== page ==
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That’s A Rap #109: Post-Game 4 vs. Celtics Reaction

The threes finally started falling with expected regularity. Kyle Lowry is the gift that keeps on giving. You’d better believe the boys were eager to break down how Toronto evened their series against Boston.

Toronto Raptors v Boston Celtics - Game Four Photo by Nathaniel S. Butler/NBAE via Getty Images

Now that was the Toronto Raptors we’re used to seeing!

For the first time all series, the Raptors outscored the Celtics in the first quarter. While Boston played valiantly to keep the game close, there never was a sense that they could ever catch the Raptors. Toronto stayed in control, leading by at least five points throughout the fourth quarter.

Tune into the latest episode as Jason (recording from his relative’s basement because ball is life) joins me to break down Toronto’s pivotal series-tying Game 4 victory.

In This Episode:

2:00 — Hustle hard

The Raptors are not known for crashing the glass (#24 in NBA) while the Celtics are (#6). Through three quarters, roles were reversed and Toronto held an 8-1 advantage that helped fuel the Raptors healthy lead to start the 4th.

3:30 — Rain and drought from beyond the arc

The largest discrepancy in the stat sheet was the +10 advantage for Toronto in threes made. With these teams as closely matched as predicted, the hot shooting from Boston in Game 1 is a tidy bookend to the tight games in between. Good news for Toronto is their 17-for-44 performance, while a series best, is on par with what should be expected (as opposed to an outlier).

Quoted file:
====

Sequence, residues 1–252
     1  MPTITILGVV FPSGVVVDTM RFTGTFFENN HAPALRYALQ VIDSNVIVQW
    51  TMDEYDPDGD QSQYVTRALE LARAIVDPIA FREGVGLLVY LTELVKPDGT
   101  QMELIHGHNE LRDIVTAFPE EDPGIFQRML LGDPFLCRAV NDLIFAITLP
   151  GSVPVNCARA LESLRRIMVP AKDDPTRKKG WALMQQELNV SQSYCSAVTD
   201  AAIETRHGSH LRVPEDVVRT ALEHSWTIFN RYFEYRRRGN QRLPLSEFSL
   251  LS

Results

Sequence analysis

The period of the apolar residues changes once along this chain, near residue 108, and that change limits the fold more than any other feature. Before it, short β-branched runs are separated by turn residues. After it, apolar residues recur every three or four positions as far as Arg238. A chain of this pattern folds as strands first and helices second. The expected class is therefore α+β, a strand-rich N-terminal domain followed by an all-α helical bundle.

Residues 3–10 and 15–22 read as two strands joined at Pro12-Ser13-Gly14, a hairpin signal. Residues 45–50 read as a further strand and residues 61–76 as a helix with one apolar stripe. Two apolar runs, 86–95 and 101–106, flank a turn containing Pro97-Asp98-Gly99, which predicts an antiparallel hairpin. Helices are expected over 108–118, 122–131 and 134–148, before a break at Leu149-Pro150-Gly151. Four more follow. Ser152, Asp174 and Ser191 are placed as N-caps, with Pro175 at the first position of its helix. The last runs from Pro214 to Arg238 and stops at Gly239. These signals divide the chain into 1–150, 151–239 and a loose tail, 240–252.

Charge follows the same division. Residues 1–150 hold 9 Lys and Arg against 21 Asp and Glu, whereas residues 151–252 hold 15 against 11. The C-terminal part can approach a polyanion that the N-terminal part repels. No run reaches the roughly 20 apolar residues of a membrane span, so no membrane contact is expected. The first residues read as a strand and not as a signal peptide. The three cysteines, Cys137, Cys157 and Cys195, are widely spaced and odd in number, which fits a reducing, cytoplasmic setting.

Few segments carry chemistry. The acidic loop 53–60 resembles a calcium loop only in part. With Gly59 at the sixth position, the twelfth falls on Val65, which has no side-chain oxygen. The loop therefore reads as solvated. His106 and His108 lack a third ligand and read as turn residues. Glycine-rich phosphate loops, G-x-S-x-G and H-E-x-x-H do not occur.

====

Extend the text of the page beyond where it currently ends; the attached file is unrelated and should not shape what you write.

4:40 — Containing a Raptor killer

There’s no denying Kemba Walker’s position as the premiere Raptors killer. He proved that in Game 3, almost leading Boston to an insurmountable 3-0 series lead. Toronto did an excellent job getting the ball out of his hands, limiting him to only 9 field goal attempts.

7:45 — Bench serves its purpose

Toronto’s bench, a perceived advantage heading into the series, was out-scored again. But this time around, its impact was finally felt in a positive manner.

9:10 — Starter fatigue?

Paging Mike Budenholzer! For the second game in a row, with the threat of losing a third game hanging in the balance, Nick Nurse rode three of his starters for the entirety of the second half. Kyle Lowry and Fred VanVleet were joined this time by Pascal Siakam (in Game 3 that honour fell to OG Anunoby). When push comes to shove, Nurse has shown a willingness to play in the moment and that’s been as instrumental as any tactic leading to the victory.